6 Awe-Inspiring Places That Will Convince You to Visit Meteora, Greece
One of the largest and most important complex of Greek Orthodox monasteries in the country, second in importance after Mount Athos, the Meteora complex – Meteora means ‘in the heavens above’ – stands out with its serene beauty.
The six monasteries of the complex are built on natural sandstone rock pillars right next to the town of Kalambaka, a unique region included on the UNESCO World Heritage List and one to attract a lot of tourists and pilgrims every year. Each of the monasteries have less than 10 inhabitants, four of them with men and only two for women. Vestiges of the Middle Ages, the high placed settlements offer a breathtaking view of the surrounding area, while at the same time having the power to bring new insights into the monastic life.
The history of Meteora goes a lot further back in time, with traces of habitation since 50,000 years ago found in the caves around the complex. In one such cavern, the Theopetra Cave, there is a structure built 23,000 years ago. During the 9th century AD, hermit monks started to inhabit the sheer cliffs and peaks since they provided a shelter from the curious eyes of the passers-by so they could pray in peace.
While the time when the first monasteries were built in the area couldn’t be traced exactly, sources state that at the end of the 11th century there was a monastic state formed around the church of Theotokos, church that can still be seen today. The Meteron monastery on the Broad Rock was founded by Athanasios Koinovitis between 1356 and 1372 as a retreat from the political turmoil of the period.
The rising threat of the Turkish raids during the 14th century led to the monks retreating on the rock pillars where they built a total of 20 monasteries, out of which only 6 still stand today.
So let’s take a look at The Six Meteora Monasteries You Have to Visit:
6. St. Nicholas Anapausas Monastery
Built in the 16th century, the St. Nicholas Anapausas Monastery has a small church painted by Theophanis Strelitzas from Crete in 1527 and due to its reduced size, it’s often overlooked in most tours visiting Meteora. The frescoes are some of the best in the complex, showing skillful representations of biblical scenes and a few insights into the monastic life of the 16th century. The monastery is easily accessible via a total of 150 steps which start at the base of the peak next to the road from Kastraki.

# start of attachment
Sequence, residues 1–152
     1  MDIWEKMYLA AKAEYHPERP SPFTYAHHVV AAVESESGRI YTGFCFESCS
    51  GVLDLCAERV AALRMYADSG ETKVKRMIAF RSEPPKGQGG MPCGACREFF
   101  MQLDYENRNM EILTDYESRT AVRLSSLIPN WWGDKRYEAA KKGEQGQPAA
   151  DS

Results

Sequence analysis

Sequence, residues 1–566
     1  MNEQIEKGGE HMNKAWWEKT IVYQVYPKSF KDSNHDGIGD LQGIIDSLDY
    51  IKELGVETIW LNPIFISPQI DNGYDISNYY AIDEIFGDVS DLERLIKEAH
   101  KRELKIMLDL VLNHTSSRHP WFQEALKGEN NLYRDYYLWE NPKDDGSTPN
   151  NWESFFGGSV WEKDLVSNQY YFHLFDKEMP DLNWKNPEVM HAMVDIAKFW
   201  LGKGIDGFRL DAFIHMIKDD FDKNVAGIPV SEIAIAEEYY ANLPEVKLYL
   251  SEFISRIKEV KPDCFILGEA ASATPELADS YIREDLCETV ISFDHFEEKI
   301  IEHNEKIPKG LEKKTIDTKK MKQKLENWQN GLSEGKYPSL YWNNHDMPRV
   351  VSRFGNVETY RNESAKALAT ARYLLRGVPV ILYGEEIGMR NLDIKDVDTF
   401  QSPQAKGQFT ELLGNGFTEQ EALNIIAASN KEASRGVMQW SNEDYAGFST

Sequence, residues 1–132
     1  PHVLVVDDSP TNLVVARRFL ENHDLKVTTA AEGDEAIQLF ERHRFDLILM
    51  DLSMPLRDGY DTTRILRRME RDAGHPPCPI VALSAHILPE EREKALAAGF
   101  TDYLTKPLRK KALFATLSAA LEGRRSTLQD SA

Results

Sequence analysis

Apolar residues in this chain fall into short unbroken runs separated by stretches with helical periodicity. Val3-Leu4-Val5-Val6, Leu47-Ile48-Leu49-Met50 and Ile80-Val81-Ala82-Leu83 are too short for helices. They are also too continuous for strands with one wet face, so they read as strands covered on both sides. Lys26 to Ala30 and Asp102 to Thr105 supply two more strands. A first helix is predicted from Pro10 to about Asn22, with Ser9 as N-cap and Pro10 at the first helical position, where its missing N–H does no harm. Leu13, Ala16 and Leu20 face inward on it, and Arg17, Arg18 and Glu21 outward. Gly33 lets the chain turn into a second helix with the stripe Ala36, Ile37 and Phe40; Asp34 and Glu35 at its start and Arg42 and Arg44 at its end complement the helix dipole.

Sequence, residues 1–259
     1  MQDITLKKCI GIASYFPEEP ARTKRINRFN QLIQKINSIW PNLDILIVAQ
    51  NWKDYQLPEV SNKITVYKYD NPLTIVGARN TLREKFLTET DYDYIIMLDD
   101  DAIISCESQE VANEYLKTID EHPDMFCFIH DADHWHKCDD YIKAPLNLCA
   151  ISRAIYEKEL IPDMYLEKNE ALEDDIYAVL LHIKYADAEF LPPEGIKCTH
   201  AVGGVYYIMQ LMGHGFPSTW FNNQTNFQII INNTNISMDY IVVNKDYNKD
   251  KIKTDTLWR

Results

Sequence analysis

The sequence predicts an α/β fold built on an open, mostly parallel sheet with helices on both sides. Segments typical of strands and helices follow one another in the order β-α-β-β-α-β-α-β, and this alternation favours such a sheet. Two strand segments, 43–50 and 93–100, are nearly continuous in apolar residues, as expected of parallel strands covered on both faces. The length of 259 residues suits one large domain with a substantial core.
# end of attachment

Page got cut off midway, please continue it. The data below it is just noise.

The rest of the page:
5. Rousanou Monastery
Dedicated to St. Barbara and ‘The Transfiguration’, the Rousanou Monastery, was built in the middle of the 16th century, below the other major monasteries. The interior of this monastery is an elaborate one, with decorations dating from 1560, the Katholikon and reception halls located on the ground floor, while the ‘archontariki’, the cells and subsidiary rooms are spread out on the first floor and basement.
The monastery looks very impressive from the outside, stretching over the peaks and rocks like it’s a natural continuation to them. In 1988, the monastery became a nunnery. Despite the frescoes depicting shocking scenes from the lives of the martyrs, the picturesque setting of the monastery and the friendly welcoming nuns make for a tranquil ambiance.
4. St. Stephen’s Monastery
Standing out on the plain instead of on a cliff, the St. Stephen’s Monastery was built in the same 16th century with decorations dating from 1545. The Katholikon, dedicated to St. Charalambos was built in the Athonite style in 1798. The refractory was transformed into a museum.
Sad enough, the monastery suffered extreme damage due to shelling during the Nazi attacks in the World War II and had to be rebuilt afterwards by the nuns. Later on, the Communist rebels altered it even more during the Greek Civil War, but despite all that, the monastery still stands today and can be visited.
3. Varlaam Monastery
Varlaam is the second largest monastery in Meteora, built in 1541, with a church dedicated to All Saints. The Athonite architectural style is finished with a dome. The old refractory was transformed into a museum.
The Holy Convent and the frescoes were done by the monks Theophanis and Nektarios, and the church paintings are the work of Fragos Katelanos from Thebe, with the scene of the apocalypse standing out among all the other.
2. Great Meteoron Monastery
Standing watch atop the highest rock in the region – over 600 meters above the valley floor – is the largest of the monasteries in Meteora, the Great Meteron Monastery, built during the 14th century. The monastery went through restorations in 1552 and today it’s the oldest of the remaining ones.
Founded by St. Athanasios of Meteora, the Great Meteoron hosts an ossuary of the former monastery occupants, a wine cellar, a museum, and the Katholikon which was consecrated to honor the Transfiguration of Jesus. To reach the top of this great place one must climb over 300 steps, but the effort is worth it entirely.
1. Holy Trinity Monastery
Dating from 1475 and restored in 1684, the Holy Trinity Monastery stands atop the cliffs as the most important of the six remaining monasteries in the Meteora complex. It was used as well as a setting for the 1981 James Bond film ‘For Your Eyes Only’.
Out of all the six monasteries, this is the most difficult to reach, the path going down a ravine and then back up before reaching the peak, but the effort is worthwhile as the vista is one of the most fascinating out of all six locations of the complex.